No MeSH data available.


Related in: MedlinePlus

Thermal stability of rice P5C dehydrogenase. The activity rate of the purified enzyme was measured for up to 5 min under standard assay conditions at increasing temperatures (A). Replotting data in the so-called Arrhenius plot (B) allowed the calculation of the activation energy (Table 2). Thermal stability of the enzyme was determined by incubating aliquots for increasing time at increasing temperature in the absence of substrates (C). After the indicated times, the aliquots were immediately re-equilibrated on ice and the residual activity was then measured at 35°C, and expressed as percentage of activity in untreated controls. Three replicates were carried out for each treatment, and means ± SE over replicates are shown.
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Figure 9: Thermal stability of rice P5C dehydrogenase. The activity rate of the purified enzyme was measured for up to 5 min under standard assay conditions at increasing temperatures (A). Replotting data in the so-called Arrhenius plot (B) allowed the calculation of the activation energy (Table 2). Thermal stability of the enzyme was determined by incubating aliquots for increasing time at increasing temperature in the absence of substrates (C). After the indicated times, the aliquots were immediately re-equilibrated on ice and the residual activity was then measured at 35°C, and expressed as percentage of activity in untreated controls. Three replicates were carried out for each treatment, and means ± SE over replicates are shown.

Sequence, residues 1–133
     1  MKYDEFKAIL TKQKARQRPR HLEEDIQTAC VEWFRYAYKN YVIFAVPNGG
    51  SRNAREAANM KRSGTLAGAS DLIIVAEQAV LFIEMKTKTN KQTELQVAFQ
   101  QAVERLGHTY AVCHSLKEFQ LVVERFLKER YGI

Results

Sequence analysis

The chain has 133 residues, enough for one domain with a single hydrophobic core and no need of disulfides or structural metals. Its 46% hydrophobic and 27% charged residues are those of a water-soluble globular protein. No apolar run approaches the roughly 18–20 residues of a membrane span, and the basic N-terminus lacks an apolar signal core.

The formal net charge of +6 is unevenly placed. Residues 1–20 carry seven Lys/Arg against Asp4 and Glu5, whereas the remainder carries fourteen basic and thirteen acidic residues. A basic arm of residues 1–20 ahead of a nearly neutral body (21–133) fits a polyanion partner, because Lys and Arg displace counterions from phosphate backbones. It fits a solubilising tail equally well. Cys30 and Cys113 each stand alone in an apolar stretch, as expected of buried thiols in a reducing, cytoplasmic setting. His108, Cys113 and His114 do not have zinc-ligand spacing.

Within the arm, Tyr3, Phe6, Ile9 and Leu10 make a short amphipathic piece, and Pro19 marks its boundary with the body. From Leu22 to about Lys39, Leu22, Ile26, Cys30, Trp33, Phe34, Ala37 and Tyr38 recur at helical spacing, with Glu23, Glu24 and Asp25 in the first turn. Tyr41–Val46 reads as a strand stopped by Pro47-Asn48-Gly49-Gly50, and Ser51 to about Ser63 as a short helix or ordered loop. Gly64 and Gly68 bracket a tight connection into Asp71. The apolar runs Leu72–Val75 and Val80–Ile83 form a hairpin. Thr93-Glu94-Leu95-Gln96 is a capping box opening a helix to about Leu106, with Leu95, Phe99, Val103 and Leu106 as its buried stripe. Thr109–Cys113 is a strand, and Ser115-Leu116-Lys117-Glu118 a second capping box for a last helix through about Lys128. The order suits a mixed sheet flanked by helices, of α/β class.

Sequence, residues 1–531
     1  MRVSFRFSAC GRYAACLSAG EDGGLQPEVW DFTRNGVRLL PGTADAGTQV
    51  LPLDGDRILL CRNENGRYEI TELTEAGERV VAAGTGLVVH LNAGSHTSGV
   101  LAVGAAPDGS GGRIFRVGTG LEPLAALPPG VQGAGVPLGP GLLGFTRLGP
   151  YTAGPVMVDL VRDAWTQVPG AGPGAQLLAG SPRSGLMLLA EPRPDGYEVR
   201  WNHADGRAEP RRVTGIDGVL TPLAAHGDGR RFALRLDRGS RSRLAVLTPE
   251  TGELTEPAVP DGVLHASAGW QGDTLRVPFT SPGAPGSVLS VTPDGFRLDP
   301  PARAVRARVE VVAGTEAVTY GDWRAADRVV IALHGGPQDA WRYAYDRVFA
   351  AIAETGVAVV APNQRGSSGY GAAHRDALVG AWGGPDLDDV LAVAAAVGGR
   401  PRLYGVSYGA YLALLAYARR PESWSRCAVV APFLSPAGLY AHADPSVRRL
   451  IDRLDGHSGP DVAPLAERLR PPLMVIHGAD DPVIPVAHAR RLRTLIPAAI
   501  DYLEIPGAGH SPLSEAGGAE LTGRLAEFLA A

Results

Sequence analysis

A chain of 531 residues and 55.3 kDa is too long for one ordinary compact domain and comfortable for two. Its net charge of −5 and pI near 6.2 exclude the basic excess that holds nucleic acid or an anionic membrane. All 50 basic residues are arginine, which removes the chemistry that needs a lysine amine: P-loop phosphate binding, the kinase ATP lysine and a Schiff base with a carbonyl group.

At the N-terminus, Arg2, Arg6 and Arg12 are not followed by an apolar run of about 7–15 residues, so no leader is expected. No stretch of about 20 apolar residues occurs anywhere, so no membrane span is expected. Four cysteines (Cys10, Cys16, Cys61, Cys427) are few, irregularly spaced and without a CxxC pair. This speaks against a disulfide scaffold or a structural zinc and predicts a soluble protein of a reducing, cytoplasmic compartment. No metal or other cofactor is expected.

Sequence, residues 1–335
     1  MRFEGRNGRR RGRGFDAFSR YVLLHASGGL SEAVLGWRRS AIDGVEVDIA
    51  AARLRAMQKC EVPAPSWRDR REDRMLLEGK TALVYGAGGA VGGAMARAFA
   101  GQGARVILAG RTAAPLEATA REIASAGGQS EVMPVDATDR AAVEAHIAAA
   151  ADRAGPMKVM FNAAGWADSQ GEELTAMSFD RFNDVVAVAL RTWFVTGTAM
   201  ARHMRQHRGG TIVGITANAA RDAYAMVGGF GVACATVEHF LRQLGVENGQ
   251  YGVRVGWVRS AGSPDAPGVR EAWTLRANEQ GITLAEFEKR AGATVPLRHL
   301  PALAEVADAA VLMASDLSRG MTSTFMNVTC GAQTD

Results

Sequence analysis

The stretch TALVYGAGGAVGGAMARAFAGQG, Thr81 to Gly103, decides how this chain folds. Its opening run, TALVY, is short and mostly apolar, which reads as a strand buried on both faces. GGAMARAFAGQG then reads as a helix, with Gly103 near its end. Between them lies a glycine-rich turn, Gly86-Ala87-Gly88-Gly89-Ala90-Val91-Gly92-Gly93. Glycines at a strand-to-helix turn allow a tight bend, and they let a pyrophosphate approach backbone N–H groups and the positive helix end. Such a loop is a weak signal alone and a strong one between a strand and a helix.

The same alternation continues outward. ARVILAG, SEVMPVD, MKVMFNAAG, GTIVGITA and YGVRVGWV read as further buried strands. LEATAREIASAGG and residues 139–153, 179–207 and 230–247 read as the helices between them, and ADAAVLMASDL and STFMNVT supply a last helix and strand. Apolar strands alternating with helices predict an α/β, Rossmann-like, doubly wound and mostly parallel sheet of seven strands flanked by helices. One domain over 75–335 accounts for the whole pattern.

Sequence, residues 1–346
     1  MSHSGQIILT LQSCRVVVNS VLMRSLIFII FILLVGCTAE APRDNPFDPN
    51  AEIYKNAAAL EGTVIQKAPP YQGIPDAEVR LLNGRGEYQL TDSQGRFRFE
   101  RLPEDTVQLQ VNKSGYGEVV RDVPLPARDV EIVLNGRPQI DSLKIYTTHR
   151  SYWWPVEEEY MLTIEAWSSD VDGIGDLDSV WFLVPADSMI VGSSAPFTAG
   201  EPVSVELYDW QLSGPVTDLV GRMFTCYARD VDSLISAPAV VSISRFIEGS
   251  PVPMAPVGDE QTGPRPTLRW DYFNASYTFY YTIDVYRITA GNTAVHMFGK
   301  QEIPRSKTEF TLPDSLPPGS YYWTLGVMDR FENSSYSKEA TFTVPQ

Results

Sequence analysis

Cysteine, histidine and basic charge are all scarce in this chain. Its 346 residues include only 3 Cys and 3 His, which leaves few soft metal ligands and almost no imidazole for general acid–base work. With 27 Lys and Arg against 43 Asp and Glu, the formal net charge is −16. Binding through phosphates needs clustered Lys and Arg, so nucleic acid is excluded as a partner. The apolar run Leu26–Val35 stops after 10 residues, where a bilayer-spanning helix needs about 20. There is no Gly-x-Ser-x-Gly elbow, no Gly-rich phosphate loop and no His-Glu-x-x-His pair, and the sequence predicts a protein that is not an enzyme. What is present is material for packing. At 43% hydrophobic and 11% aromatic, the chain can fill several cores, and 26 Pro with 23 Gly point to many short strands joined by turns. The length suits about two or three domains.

Mentions: When the purified P5C dehydrogenase was assayed as a function of the temperature, maximal initial activity was obtained at a temperature as low as 46°C (Figure 9A). The corresponding activation energy, calculated by the Arrhenius plot (Figure 9B), was 54.6 ± 3.7 kJ mol−1. Moreover, the prolonged incubation of the rice protein at temperatures in the 40 to 50°C range in the absence of its substrates caused a dramatic and rapid loss of activity (Figure 9C). A treatment at 47.5°C for 5 min resulted in a 50%-inactivation of the enzyme. Inactivation curves did not follow the conventional one-phase exponential decay. The best fit of data was obtained assuming a two phase-decay with a very short (fast) and a moderate (slow) half-life. At 40°C, half-life (fast) and half-life (slow) were 5.2 ± 0.9 min and 507 ± 219 min, whereas at 45°C they were 1.8 ± 0.6 min and 49 ± 4 min, respectively.